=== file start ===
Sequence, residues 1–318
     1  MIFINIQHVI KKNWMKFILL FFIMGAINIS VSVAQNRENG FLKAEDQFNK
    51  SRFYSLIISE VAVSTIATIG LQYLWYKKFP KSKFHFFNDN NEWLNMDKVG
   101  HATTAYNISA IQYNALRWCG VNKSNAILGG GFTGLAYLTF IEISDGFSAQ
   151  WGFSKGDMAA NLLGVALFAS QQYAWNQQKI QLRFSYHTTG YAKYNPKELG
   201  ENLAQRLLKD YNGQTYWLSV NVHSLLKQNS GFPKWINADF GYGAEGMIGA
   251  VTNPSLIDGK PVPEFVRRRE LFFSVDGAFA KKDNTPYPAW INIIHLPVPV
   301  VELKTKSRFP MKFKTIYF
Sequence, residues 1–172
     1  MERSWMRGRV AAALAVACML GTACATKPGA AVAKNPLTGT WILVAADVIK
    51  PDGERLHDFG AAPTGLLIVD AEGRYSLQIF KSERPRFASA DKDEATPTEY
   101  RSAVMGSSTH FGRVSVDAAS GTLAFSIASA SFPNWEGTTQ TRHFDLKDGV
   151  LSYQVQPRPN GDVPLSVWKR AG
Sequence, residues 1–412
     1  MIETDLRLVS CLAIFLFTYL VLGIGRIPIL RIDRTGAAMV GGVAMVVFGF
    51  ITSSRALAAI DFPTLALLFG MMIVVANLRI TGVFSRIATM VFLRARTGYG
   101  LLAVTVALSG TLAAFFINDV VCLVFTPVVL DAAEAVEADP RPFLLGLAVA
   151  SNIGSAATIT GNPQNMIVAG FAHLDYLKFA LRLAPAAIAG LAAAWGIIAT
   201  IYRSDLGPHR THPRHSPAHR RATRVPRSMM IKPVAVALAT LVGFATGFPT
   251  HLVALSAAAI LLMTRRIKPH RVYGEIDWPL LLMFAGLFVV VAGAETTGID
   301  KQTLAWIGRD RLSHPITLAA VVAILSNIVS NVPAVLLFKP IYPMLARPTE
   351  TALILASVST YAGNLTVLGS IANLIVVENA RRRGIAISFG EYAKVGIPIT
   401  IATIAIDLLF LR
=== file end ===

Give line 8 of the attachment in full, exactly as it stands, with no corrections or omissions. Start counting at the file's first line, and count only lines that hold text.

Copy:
   301  VELKTKSRFP MKFKTIYF